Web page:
When Washington bigwigs want to dispose of a particularly nasty piece of trash, they break the news late in the day Friday. Their hope is twofold: that the news either will get lost in the more relaxed weekend news cycle or that the relatively muffled reaction to the development will buy them more time in which to get their acts in better order. As a rule, they’re driven by a bit of both. That’s just what happened when President Bush surprisingly and unceremoniously canned former conservative congressman Porter Goss as chief of the Central Intelligence Agency.
Goss, of course, should never have been named in the first place. His appointment was another Bush blunder. He was, at best, a second-rate talent, a hack more interested in scoring partisan points than in making national policy. His very lack of substance no doubt held a certain appeal for Bush, who values reliability and loyalty over sagacity and know-how. But in the end, Goss was too inept for even this foreign-policy-challenged president.
For better or worse — and these days it’s usually for the worse — the CIA is supposed to be on the frontline of the nation’s defense. When Goss took over, the agency was already demoralized by its pathetic performance in the run-up to the Iraq war (“Look, Ma — no weapons of mass destruction!”) and compromised by political interference (“Don’t blame us — Dick Cheney made us do it!”). Goss, nevertheless, managed the impossible: by purging competent career officers and recruiting cronies, he rendered the CIA even more incompetent and demoralized. Neat trick.
Air Force four-star general Michael Hayden, whom Bush has nominated to succeed Goss, enjoys a reputation as a skilled bureaucratic infighter. The fact that he has not allowed himself to be bullied by the obnoxious Secretary of Defense Donald Rumsfeld is a point of sorts in his favor. But as head of the National Security Agency, the biggest (controlling almost 80 percent of intelligence funds) and most secretive of the nation’s 16 spy outfits, Hayden is intimately implicated by recent intelligence hot potatoes: the failure to adequately warn of the 9/11 attacks, the failure to accurately assess whether Iraq had existing chemical weapons and an ongoing nuclear-weapons effort, and the aggressive and illegal program to eavesdrop on domestic telephone and Internet communications. It’s quite a profile. Only Cheney and Rumsfeld, the architects of Bush’s Iraq war, have a stronger record.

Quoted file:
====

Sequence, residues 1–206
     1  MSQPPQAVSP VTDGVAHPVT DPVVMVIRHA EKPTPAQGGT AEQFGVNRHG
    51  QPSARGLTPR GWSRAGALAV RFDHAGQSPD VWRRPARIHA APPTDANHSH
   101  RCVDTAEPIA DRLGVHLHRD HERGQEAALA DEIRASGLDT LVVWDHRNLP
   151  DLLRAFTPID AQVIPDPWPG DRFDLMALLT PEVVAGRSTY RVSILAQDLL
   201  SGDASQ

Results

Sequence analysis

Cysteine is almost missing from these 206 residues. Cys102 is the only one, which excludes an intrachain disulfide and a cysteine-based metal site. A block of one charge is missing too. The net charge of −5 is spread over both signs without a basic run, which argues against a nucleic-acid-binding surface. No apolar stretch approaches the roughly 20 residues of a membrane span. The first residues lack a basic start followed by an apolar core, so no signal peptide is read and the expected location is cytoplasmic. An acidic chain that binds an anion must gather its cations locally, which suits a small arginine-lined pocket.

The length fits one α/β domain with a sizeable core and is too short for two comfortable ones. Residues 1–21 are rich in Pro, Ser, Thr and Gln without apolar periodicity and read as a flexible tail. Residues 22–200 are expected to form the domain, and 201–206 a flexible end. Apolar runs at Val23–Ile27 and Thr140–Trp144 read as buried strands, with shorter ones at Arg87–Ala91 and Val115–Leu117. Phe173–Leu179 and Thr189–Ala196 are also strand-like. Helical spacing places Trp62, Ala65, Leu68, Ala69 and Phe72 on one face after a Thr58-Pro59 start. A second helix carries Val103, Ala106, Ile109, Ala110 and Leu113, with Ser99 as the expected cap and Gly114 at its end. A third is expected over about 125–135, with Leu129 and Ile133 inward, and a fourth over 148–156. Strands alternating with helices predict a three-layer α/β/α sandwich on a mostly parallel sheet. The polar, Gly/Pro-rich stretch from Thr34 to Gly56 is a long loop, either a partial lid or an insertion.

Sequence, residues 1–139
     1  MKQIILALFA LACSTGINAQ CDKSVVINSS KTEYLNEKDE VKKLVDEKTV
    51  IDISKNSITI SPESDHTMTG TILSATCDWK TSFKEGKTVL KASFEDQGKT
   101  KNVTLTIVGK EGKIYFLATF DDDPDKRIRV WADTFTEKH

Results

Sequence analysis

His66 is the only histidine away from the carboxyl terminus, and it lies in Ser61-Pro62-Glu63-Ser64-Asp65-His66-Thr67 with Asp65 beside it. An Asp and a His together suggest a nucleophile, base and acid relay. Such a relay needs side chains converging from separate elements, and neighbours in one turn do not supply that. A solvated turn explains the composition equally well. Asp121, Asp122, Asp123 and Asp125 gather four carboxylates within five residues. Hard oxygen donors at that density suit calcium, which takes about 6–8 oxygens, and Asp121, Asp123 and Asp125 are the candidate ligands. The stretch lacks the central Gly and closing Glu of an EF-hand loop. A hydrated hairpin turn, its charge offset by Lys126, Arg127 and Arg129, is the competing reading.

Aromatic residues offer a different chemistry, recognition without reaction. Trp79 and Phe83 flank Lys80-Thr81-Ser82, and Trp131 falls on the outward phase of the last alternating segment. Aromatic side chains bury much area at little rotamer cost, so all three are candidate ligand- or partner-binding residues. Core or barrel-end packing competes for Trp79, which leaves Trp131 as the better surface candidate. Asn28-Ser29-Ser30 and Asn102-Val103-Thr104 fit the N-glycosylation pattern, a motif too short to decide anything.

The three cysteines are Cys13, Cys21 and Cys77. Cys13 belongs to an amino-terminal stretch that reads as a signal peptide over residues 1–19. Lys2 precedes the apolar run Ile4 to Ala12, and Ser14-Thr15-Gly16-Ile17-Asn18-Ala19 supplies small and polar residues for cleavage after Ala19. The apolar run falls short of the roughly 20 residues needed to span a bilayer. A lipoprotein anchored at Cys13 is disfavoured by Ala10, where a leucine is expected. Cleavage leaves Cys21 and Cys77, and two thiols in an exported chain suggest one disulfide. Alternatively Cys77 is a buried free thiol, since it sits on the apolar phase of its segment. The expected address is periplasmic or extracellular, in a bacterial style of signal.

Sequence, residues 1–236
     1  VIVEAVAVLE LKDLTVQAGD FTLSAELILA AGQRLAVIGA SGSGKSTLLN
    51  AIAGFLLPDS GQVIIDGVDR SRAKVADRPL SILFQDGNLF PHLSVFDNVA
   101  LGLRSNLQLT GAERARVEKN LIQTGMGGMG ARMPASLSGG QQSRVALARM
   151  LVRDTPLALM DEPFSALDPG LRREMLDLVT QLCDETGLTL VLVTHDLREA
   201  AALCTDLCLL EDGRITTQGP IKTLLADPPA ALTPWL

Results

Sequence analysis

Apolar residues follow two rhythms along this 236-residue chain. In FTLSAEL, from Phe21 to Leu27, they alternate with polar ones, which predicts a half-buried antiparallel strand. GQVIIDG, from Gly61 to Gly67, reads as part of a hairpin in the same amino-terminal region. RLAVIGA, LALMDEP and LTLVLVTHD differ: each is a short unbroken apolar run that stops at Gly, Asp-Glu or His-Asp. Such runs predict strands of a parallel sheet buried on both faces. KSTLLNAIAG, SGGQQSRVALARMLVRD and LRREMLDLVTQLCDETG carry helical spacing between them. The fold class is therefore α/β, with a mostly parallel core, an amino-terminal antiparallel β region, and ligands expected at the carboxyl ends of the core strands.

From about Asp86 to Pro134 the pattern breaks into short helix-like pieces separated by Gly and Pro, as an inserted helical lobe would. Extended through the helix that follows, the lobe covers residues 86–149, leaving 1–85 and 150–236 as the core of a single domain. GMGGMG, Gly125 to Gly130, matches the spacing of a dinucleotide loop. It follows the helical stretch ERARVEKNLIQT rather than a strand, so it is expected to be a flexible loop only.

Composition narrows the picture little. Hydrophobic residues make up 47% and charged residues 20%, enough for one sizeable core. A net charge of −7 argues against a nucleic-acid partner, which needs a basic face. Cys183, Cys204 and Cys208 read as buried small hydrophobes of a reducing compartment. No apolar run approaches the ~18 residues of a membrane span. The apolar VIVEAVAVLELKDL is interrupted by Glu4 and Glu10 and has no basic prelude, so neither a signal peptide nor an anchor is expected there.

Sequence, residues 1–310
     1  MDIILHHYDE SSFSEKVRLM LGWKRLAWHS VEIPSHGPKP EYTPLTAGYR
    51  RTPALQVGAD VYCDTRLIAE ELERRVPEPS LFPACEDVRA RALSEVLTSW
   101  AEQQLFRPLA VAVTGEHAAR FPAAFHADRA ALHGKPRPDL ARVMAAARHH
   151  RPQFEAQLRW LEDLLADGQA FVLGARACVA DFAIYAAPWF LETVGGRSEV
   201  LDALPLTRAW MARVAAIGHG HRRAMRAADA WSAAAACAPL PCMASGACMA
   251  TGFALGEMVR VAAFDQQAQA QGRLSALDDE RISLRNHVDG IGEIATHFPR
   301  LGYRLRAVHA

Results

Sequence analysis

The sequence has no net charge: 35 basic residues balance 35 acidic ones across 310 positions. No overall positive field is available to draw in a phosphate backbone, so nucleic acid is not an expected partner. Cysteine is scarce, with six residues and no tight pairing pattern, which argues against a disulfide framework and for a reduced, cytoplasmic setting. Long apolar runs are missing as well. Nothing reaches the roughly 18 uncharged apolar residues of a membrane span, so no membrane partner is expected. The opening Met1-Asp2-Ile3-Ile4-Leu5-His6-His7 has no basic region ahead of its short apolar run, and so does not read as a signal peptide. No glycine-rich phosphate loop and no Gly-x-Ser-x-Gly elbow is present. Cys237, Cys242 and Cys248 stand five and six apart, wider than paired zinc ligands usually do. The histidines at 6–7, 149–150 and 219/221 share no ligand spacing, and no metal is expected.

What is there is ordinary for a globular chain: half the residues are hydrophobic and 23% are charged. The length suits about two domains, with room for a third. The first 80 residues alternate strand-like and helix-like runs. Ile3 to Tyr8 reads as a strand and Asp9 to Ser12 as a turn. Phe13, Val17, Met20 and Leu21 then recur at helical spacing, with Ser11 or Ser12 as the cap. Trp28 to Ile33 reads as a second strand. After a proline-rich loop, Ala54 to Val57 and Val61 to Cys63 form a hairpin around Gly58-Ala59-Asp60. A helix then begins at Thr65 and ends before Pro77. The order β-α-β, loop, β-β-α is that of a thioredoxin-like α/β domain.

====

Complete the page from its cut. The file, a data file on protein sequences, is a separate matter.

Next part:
Despite some welcome objections raised by congressional Republicans, Hayden will most likely be confirmed. His role in Bush’s warrantless domestic-spying program will most likely — and perversely — redound to his and Bush’s favor. Bush may enjoy a pathetic public-approval rating of 31 percent, but the nation is about evenly divided when it comes to supporting Bush’s unconstitutional internal surveillance. By tapping into a latent vein of bonehead sentiment, Bush will replace a bad guy with the wrong guy.
Bush is guilty of many things, but perhaps his most heinous, ongoing crime is playing Russian roulette with the nation’s security. As a result of his war with Iraq and his threatened war with Iran, we are less safe, less secure, and less free. Hayden’s appointment will keep the gun to our head.
Score one for the good guys
When a Maryland jury sentenced self-confessed terrorist Zacarias Moussaoui to life in prison without parole, rather than death, 12 average men and women selected by chance struck a blow against Bush’s war on terror — not against the president’s inept war against foreign threats, but against Bush’s efforts to scare the devil out of Americans so that they will ignore his foreign adventures and accept his unconstitutional constraints on liberty at home. Even in the face of extraordinary efforts by federal prosecutors bent on vengeance — as opposed to justice — who needlessly prolonged the Moussaoui trial by seeking the death penalty, the jurors opted for justice. Moussaoui is in all likelihood a marginal figure in the 9/11 attacks. And his courtroom demeanor, up to and including his last-minute claim that he concocted his confession, suggests he may be more wingnut than warrior. He’s certainly of secondary importance compared with Khalid Sheikh Mohammed, the Al Qaeda agent who was held in secret prisons without counsel for almost three years. Why has he never been brought to trial? And why will he, in all probability, never be tried? Could it be that the Bush administration fears that accusations of torture will surface? Bush, by overreaching in the case of Moussaoui, sought to divert attention from Khalid Mohammed. The jury did not fall for the feint. By deciding as they did, the anonymous jurors — shielded for their own protection — sent the nation and the world a message of which we should all be proud. Justice, in short supply these days, was served.